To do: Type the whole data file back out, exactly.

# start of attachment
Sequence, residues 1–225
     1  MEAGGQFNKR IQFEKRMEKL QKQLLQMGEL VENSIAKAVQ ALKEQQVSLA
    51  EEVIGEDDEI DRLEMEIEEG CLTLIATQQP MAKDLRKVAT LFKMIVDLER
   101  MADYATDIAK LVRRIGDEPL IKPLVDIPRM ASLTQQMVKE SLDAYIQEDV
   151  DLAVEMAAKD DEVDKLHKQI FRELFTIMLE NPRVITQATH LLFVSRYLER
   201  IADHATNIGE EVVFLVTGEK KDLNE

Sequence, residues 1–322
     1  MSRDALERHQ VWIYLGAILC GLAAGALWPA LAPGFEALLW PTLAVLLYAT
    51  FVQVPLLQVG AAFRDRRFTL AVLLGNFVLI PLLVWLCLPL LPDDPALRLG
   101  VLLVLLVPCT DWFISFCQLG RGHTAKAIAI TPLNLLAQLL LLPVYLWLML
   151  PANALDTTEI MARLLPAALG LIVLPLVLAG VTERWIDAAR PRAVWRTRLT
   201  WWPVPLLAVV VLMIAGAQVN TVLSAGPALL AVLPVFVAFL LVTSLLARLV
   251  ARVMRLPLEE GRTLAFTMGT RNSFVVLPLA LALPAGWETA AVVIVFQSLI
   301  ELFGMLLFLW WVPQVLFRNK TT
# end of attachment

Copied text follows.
Sequence, residues 1–225
     1  MEAGGQFNKR IQFEKRMEKL QKQLLQMGEL VENSIAKAVQ ALKEQQVSLA
    51  EEVIGEDDEI DRLEMEIEEG CLTLIATQQP MAKDLRKVAT LFKMIVDLER
   101  MADYATDIAK LVRRIGDEPL IKPLVDIPRM ASLTQQMVKE SLDAYIQEDV
   151  DLAVEMAAKD DEVDKLHKQI FRELFTIMLE NPRVITQATH LLFVSRYLER
   201  IADHATNIGE EVVFLVTGEK KDLNE

Sequence, residues 1–322
     1  MSRDALERHQ VWIYLGAILC GLAAGALWPA LAPGFEALLW PTLAVLLYAT
    51  FVQVPLLQVG AAFRDRRFTL AVLLGNFVLI PLLVWLCLPL LPDDPALRLG
   101  VLLVLLVPCT DWFISFCQLG RGHTAKAIAI TPLNLLAQLL LLPVYLWLML
   151  PANALDTTEI MARLLPAALG LIVLPLVLAG VTERWIDAAR PRAVWRTRLT
   201  WWPVPLLAVV VLMIAGAQVN TVLSAGPALL AVLPVFVAFL LVTSLLARLV
   251  ARVMRLPLEE GRTLAFTMGT RNSFVVLPLA LALPAGWETA AVVIVFQSLI
   301  ELFGMLLFLW WVPQVLFRNK TT